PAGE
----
Today's Washington Post has an article opaquely titled "Federal Agency Aided Md. Spying": http://www.washingtonpost.com/... I wrote about this a month ago, http://www.dailykos.com/..., but it's worse than originally reported. Initial reports were that Maryland police classified nonviolent activists as terrorists and entered their names into state and federal terrorist watch lists for opposing the death penalty and Iraq war. But it's the other way around: DHS spied on peaceful protest groups and gave the information to state police. Come with me below the fold to hear more about why this is even more troubling than we first thought
What groups are we talking about? We're talking about the human rights group Amnesty International, DAWN (the D.C. Anti-War Network), anti-death penalty groups, and CASA (Court Appointed Special Advocates), a program that ensures that judges are making the best possible decisions about the lives of abused and neglected children.
In 2005 and 2006, DHS tracked the plans of these groups and passed the information on to the Maryland State Police, which had misguidedly labeled the activists as terrorists in an intelligence file. This is where the federal agency should have stepped in and said:
You made a mistake. These groups are engaging in protected First Amendment activity. The First Amendment guarantees basic freedoms of speech and assembly, and the right to petition the government for redress of grievances. See, e.g. the Constitution.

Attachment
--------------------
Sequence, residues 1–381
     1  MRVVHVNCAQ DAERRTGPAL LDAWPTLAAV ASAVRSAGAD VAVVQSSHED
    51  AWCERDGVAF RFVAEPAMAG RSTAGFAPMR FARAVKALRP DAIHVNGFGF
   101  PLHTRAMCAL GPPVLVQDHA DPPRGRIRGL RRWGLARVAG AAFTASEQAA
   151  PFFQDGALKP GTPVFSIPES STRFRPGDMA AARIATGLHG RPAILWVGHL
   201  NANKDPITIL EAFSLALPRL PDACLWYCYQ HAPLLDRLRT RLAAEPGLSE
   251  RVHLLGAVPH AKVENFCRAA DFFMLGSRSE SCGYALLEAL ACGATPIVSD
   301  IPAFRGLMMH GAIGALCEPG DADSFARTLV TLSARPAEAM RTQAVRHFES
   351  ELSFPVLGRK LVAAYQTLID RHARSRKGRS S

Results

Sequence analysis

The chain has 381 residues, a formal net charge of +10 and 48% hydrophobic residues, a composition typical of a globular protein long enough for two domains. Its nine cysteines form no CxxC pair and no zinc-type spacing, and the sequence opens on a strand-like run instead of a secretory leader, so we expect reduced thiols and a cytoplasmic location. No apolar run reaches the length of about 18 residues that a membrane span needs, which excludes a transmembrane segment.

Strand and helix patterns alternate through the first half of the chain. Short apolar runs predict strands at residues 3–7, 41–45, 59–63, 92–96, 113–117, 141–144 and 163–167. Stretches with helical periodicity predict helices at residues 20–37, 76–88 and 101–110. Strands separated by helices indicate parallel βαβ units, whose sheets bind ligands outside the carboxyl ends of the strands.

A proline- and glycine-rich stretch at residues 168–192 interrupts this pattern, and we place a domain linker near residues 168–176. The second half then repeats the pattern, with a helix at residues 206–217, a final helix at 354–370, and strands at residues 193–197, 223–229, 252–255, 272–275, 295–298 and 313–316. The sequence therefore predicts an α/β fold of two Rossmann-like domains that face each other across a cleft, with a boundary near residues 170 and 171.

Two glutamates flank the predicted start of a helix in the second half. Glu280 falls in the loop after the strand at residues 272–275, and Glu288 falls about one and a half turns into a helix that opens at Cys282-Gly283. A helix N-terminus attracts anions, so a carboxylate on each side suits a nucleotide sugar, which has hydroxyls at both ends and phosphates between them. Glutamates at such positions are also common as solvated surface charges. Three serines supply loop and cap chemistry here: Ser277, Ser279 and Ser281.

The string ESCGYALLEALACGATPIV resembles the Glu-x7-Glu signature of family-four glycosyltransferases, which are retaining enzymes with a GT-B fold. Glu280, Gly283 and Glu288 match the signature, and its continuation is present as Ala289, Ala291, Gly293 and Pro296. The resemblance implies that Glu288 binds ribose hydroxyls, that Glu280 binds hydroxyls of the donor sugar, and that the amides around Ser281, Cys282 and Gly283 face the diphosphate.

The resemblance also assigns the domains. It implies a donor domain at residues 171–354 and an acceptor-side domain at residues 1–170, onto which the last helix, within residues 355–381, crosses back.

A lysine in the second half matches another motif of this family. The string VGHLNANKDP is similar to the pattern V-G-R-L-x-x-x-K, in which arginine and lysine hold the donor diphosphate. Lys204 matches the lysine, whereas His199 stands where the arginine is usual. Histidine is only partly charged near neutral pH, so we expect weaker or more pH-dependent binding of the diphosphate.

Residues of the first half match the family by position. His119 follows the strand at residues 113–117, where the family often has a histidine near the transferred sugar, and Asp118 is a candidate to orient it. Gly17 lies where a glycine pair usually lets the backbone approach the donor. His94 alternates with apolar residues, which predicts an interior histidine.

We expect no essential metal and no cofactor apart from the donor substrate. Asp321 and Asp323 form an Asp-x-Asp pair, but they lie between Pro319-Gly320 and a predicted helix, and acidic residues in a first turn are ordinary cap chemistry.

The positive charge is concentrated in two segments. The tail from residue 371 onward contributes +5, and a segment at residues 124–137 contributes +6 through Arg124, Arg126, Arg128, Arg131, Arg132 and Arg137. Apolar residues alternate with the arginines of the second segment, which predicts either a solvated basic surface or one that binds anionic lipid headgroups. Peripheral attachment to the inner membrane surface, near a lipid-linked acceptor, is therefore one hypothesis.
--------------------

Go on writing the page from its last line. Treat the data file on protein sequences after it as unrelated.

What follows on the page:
Instead, the DHS office in Atlanta forwarded 2 e-mails from an affiliate of the peaceful antiwar group, which states:
Activists [from DAWN] are going to stage several small (12-15) weekly demonstrations at the Silver Spring Armed Forces Recruitment Center. If there is enough support these will become weekly vigils.
Not only are your taxpayer dollars being spent on these wasteful witch-hunts, but your money has also been used to target 53 innocent individuals and some 24 innocent protest groups in violation of the First Amendment.
To add insult to injury, here is what DHS spokesmak Andrew Lluberes had to say:
[DHS was passing on] normal information that is exchanged between law-enforcement agencies . . .It happens every day.